Vendors go to market in numbers

Published on 03/03/2013

Auctions give analysts hope that recovery phase is well under way.

As vendors gain confidence in Melbourne's residential market, auction sale listings are starting to spike up sharply. New figures from the Real Estate Institute of Victoria suggest buyers and sellers are facing a more crowded market, with 4957 properties put under the hammer between January and the third week of March.

This is 20 per cent up on the 10-year average for January-March listings and well ahead of the 3696 auctions held in the city at this time last year.

The auction market posted another creditable performance yesterday, bolstering claims that Melbourne's housing sector is now in a recovery phase.

The REIV said the clearance rate was 69 per cent for the 821 auction results reported to the industry group. The results of another 98 scheduled sales were not reported.

''The result suggests we are not headed towards clearance rates in the 80 per cent range but, historically, it's a very healthy outcome,'' REIV spokesman Robert Larocca said.

Buyer's advocate Melissa Opie, of Keyhole Property Investments, said the improving sales trend was encouraging vendors who ''were too scared to dispose of assets last year to put them on the market now while the market is not saturated.''

Fletchers sold 15 of 17 properties it auctioned yesterday. Executive chairman Tim Fletcher said: ''People can see there is quality stock coming on and they're deciding to sell.''

He said the market had most likely turned around in September last year.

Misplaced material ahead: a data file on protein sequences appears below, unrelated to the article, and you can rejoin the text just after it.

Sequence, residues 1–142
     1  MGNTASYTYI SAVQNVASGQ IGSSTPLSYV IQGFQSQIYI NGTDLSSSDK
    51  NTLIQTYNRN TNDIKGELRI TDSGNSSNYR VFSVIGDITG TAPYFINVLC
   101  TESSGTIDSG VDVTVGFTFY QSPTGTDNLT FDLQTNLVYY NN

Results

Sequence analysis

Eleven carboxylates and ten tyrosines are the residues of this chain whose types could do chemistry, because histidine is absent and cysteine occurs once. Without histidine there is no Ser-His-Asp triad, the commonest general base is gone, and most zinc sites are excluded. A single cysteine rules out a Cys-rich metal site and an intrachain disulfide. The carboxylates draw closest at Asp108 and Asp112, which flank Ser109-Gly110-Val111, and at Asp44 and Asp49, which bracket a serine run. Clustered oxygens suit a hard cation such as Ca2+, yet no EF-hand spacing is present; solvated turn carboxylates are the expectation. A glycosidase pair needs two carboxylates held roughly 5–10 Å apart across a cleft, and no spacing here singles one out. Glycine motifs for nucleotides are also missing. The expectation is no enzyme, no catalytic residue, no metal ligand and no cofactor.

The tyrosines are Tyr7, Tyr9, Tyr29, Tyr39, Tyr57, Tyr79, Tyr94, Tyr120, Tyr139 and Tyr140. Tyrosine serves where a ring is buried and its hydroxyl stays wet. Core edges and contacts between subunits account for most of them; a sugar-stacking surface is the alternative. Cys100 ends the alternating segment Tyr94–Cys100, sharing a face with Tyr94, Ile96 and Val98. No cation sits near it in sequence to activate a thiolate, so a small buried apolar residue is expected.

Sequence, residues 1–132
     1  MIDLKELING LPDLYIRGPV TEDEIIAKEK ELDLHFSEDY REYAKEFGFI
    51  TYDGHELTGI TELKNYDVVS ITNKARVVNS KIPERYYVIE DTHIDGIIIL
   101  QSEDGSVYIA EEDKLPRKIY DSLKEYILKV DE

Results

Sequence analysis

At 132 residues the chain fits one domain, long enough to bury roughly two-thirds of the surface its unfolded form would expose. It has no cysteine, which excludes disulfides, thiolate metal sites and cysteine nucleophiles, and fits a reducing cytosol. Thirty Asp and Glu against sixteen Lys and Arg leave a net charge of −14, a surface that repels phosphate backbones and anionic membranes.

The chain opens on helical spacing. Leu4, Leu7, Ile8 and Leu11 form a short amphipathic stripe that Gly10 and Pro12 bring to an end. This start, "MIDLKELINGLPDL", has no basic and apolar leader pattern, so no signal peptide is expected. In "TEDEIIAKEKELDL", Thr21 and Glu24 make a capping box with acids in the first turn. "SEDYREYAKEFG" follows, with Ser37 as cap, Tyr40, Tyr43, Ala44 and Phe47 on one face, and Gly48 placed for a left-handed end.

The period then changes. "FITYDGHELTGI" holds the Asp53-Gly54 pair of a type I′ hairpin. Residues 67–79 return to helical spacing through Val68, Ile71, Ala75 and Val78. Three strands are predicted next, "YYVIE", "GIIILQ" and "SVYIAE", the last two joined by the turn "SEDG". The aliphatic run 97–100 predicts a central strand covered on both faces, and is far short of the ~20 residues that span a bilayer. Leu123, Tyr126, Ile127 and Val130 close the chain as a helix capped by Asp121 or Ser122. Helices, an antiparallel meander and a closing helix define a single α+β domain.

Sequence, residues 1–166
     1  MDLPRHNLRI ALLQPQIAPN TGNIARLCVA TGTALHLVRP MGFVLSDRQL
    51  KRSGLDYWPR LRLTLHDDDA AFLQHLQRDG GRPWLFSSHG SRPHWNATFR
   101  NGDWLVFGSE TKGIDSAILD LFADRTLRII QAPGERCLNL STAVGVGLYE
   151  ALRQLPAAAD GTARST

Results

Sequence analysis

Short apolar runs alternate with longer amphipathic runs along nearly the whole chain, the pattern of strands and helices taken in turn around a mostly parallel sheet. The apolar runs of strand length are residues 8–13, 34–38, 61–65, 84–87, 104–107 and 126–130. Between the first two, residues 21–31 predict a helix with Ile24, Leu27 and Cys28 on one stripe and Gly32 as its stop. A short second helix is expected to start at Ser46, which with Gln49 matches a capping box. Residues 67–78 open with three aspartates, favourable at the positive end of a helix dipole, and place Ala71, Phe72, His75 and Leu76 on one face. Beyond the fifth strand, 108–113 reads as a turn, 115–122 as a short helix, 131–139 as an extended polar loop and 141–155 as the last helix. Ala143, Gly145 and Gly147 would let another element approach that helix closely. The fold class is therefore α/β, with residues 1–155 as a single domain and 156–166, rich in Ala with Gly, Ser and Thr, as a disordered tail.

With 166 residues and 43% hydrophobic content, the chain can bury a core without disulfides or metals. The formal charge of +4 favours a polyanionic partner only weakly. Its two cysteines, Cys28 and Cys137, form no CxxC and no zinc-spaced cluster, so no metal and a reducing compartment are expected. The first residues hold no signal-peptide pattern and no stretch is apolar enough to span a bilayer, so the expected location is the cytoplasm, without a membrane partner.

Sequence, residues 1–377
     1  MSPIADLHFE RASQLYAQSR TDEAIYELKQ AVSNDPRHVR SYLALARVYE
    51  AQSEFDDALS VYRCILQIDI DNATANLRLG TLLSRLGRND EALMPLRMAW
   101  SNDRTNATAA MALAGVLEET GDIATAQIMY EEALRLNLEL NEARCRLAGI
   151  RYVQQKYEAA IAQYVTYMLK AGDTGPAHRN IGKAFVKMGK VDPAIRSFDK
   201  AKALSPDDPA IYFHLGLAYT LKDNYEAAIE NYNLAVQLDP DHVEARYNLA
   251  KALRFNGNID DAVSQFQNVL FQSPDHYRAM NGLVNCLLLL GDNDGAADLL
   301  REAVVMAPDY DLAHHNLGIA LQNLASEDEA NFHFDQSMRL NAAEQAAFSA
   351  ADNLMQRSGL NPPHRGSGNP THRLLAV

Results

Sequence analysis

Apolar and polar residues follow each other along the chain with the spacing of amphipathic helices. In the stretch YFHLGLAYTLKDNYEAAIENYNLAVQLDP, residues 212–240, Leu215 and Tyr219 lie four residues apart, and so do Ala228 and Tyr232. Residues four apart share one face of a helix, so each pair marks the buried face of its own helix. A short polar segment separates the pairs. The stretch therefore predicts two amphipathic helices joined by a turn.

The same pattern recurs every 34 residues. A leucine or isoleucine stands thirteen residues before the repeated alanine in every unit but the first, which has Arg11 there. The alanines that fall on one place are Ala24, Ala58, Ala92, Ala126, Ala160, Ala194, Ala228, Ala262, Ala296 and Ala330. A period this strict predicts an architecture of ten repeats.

But inner-city agent Arch Staver, of Nelson Alexander, warned that many B- and C-grade properties were struggling. Typically, these properties are unrenovated, on a main road or close to industrial buildings.

''The only thing that drags up the clearance rate and genuinely creates a bullish market is when the B- and C-grade property rides the growth wave as well,'' Mr Staver said.

''I think we still remain in a discerning market, but in our areas we have more buyers than houses and that is playing in our favour. Even though the B- and C-grades are not getting runaway results, they're still trickling over the line and selling at marginally discounted prices.''

Mr Staver's company sold 36 from 50 auctioned properties. He said nearly all the 14 properties that were passed in attracted genuine bidding.

The rush to list properties can be seen in auction bookings. On March 16, 890 properties are set to be auctioned in Melbourne and a whopping 1140 auctions will be held on March 23. Modest house price growth has been reported by several analyst groups since late 2012 and appears to be reassuring vendors.

Across Australia, house values rose in February by a combined rate of 0.3 per cent, according to the latest figures from RP Data-Rismark. In Melbourne, values were up 1.5 per cent.

Melbourne's inner-city and inner-east areas are notably strong. Both regions notched up an 80 per cent clearance rate last weekend, against a city-wide clearance rate of 72 per cent from 938 auction results reported to the REIV.

The south-east had a clearance rate of 76 per cent, the inner south had 68 per cent, the outer east 73 per cent and the west 61 per cent. Due to the Labour Day holiday, only 200 auctions are scheduled next weekend.

Chris Tolhurst

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